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A Regimental Sergeant Major's 'Dunkirk Casualty' campaign and long service medal group of 6: Regimental Sergeant Major George Wilson, Durham Light Infantry

- 1914-15 Star (13965 Pte. G. Wilson. Durh. L.I.)
- British War Medal. Silver issue (13965 Pte. G. Wilson. Durh. L.I.)
- Interallied Victory Medal (13965 Pte. G. Wilson. Durh. L.I.)
- The 1939-45 Star
- War Medal
- Military LSGC. GVI Regular Army' (4442943 W.O. Cl II G. Wilson. Durh. L. I. )

Important: Regimental Sergeant Major George Wilson, 9th (Territorial) Battalion Durham Light Infantry was severely 'Wounded in Action' by Gunshot & Shrapnel Wound (GSW) in France on 31 May 1940

R.S.M. Wilson was wounded while serving with the British Expeditionary Force on the defensive perimeter at Dunkirk (his wound is recorded in the official British Army Casualty Lists 1939-1945, held at the National Archives reference WO 417/13)

The Great War campaign medals are all verified as entitled per the respective campaign medal rolls of the Durham Light Infantry, as under;

- 1914-15 Star: Ref WO 329/2791
- British War Medal & Interallied Victory Medals: Ref WO 329/1655

Photograph & Article: A photograph of Regimental Sergeant Major Wilson on his wedding day, wearing uniform with his Great War and LSGC medal ribbons up and with peaked cap with cap badge together with his bride was published in the the 'Newcastle Evening Chronicle' issue of 27 March 1941;

Quote,

Gateshead R.S.M. Wheeled to his Wedding

Still unable to walk due to wounds received on May 31 while serving with the Durham Light Infantry in France, Regimental Sergeant-Major of Gateshead, was married in a wheelchair at a Shropshire Church to Miss Vera. M. Anderson, of Newcastle.

R.S.M. Wilson, also served with the Durham Light Infantry in France and Flanders during the Great War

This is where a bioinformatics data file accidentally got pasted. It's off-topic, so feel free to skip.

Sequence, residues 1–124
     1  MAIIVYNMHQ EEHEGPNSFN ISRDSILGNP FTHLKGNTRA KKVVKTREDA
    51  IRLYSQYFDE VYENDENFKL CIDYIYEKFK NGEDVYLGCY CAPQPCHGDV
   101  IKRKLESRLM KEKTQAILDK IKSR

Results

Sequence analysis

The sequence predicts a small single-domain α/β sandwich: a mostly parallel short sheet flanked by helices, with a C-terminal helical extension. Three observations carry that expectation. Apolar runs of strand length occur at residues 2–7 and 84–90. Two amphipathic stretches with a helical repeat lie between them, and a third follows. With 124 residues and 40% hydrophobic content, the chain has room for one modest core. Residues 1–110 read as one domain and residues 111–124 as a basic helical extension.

In hospital he has been visited by C.S.M. W. Burkitt, of another battalion of the D.L.I., who has since received a commission with the rank of Lieutenant

Unquote.

George 'Biff' Wilson, son of Teasdale Wilson (Waterman & Bargee) & Ann Wilson (nee Brown) was a native of Gateshead, Northumberland, England, where he was born on 9 October 1897. At the time of the 1911 National Census for England & Wales, George (13) was recorded as both being at 'School - Part-time' and additionally employed as an Errand Boy. At the time of the Census he was living at the family home located at the 'Old Engine Cottages' Gateshead, where he lived with his parents and 2 x elder sisters, viz Helen (21) and Ann (19) a 'Schoolboy' and employed 'Errand Boy'

Very shortly after the outbreak of the Great War, and when still only just 16 years of age, George Wilson enlisted in the British Army, and was posted to his local infantry regiment the Durham Light Infantry. George first entered theatre of war 'France' on 26 August 1915, when he disembarked at Boulogne, France, with 13th (Service) Battalion Durham Light Infantry

George Wilson was either 'Wounded', or otherwise impaired during the Great War, but his wounds were not the cause of his discharge in 1919, which were due to 'Kings Regulation XVia', which was “Surplus to military requirements (having suffered impairment since entry into the service). George took his discharge from the British Army on 24 April 1919 , but his return to 'Civvy Street' was short-lived, as he later re-enlisted in his former local regiment, the Durham Light Infantry in which he was allocated to the unique 'Army Number' 4442943 from the block of army numbers allocate to the DLI in 1920. George served with the 1st Battalion Durham Light Infantry through to at least 1930, and continued to serve with the DLI throughout the rest of the inter-war years era, with 1/DLI serving at below locations in that period;